Friday, July 12, 2013

Review of Strands of Bronze and Gold by Jane Nickerson

Knopf Books for Young
Strands of Bronze and Gold
by Jane Nickerson

3 Scribbles

Sophia has always envied those who live the good life, ladies who enjoy high society, fine clothing and jewels and live in beautiful mansions, but she has never had the opportunity to enjoy these things since her family is impoverished. However, when her father dies, she is sent to live with her wealthy and mysterious godfather, Monsieur Bernard de Cressac at Wyndriven Abbey in Mississippi. Her godfather dotes on her, showering her with clothing, jewels and gifts she could never have dreamed of, yet soon it becomes clear that Monsieur de Cressac is interested in being more than just a godfather to Sophia. Sophia thinks she could love him, until secrets from his past begin surfacing, and it becomes clear that Monsieur de Cressac is not the gentleman he projects.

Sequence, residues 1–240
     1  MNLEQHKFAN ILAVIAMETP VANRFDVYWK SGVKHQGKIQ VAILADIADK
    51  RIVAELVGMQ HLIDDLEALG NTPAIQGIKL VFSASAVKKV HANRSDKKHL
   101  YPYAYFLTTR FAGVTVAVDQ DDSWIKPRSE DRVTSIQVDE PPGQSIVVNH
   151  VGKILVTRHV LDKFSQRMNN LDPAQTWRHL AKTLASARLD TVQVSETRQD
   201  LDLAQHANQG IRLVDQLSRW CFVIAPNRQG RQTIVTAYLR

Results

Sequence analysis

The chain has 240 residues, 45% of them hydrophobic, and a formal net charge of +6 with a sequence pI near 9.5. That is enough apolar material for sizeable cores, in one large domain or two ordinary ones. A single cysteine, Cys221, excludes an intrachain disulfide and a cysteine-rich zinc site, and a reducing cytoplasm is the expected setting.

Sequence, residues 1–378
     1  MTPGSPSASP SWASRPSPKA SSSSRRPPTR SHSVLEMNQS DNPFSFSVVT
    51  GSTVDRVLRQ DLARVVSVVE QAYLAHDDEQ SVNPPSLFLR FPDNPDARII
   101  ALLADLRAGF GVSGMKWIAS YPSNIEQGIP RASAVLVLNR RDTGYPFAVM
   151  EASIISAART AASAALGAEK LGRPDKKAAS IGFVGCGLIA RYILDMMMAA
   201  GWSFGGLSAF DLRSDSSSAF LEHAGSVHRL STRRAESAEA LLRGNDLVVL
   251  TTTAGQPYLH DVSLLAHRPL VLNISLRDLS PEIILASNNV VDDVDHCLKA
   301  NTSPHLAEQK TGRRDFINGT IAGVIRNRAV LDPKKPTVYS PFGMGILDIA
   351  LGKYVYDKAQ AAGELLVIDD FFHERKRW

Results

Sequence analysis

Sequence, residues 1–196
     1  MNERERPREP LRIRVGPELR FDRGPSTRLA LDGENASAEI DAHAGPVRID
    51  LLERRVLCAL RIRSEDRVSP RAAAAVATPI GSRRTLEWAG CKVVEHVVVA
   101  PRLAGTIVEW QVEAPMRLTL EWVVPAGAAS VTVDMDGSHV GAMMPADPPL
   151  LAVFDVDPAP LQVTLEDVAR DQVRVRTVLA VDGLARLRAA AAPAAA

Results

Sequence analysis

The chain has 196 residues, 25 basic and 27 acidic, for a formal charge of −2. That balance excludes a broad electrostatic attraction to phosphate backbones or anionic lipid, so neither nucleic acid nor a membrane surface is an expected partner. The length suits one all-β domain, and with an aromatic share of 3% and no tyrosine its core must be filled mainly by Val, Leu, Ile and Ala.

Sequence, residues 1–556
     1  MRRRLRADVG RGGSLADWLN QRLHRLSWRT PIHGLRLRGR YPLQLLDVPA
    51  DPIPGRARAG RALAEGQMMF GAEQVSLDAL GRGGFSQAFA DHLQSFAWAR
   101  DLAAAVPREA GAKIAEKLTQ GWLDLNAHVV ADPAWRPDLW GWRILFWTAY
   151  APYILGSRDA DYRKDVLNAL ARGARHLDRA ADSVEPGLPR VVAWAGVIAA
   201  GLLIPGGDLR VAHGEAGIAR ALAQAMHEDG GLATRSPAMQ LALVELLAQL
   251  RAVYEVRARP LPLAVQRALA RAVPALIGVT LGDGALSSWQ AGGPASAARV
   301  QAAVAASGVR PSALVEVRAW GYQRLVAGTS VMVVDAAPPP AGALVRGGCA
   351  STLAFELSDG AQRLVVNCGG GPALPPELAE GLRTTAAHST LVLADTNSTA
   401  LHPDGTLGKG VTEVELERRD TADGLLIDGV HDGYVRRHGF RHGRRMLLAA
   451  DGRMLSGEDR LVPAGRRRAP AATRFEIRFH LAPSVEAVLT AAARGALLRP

A main strength of this novel is its rich description and the authentic, gothic feel of the mid-1800s setting. Not only is Mississippi hot and dreary, adding to the feeling of suffocation and isolation Sophia feels the longer she stays under de Cressac’s care, but the Abby, carried stone-by-stone from Europe and recreated in the new world, adds a heavy feeling of secrecy and undiscovered mystery to the place. Sophia’s character is quite naïve despite her impoverished upbringing; she adapts easily to the wealthy lifestyle without any of the suspicions someone who is poor might normally have in a similar situation. And while I question why she doesn’t see strings attached to her good fortune, she is only seventeen, and perhaps was sheltered by her father and older siblings from the harshest parts of poverty. In any case, her sweet naïveté is necessary for the tale’s unraveling mystery. The reader sees Sophia’s innocence begin to fade away as she discovers secrets about de Cressac’s many former wives, his views on slavery, and his quick-temper. De Cressac, based on the legend of Bluebeard, is sufficiently monstrous, as monstrous as any abusive husband in the present day would be, and is perhaps the best-drawn character of the novel. He is a man who leaves the reader on edge, never knowing when his rich generosity will be replaced with violence—an antagonist the reader will love to hate—but he alone cannot carry the conflict in the novel. The forbidden relationship between Sophia and the kind minister helps fill in the gaps, adding needed conflict; without this, the novel would have been simply page upon page of Sophia wondering rooms and visiting with ghosts of wives past when she isn’t appeasing de Cressac at dinner. The love that grows between Sophia and the minister adds tension in the story—until the minster appears, Sophia has little to lose if she leaves de Cressac. Less impressive are the story’s ghosts who were likely added to increase the feeling of mystery and intrigue so common in gothic tales, but their addition did little for the story. For one thing, Sophia isn’t afraid of them. Wouldn’t it be better if she felt the slightest bit of awe at the appearance of a ghost at least? A slight chill or feeling of apprehension? The ghosts appear on numerous occasions, but really add nothing to the story other than to give Sophia some weak sympathetic companions.  Even the twist at the end could have been achieved without them. While I enjoyed the novel overall, especially the creepy climax, I didn’t struggle to set it aside from time to time in order to peruse other works, and I am surprised to see the author plans to make this tale a series with two more novels. Short of citing the classics, I am at a loss to compare this work to other YA books, so I’ll just say that fans of historical fiction will likely enjoy this novel, but those expecting a story filled with spine-tingling ghosts and page-flipping action might consider another author.

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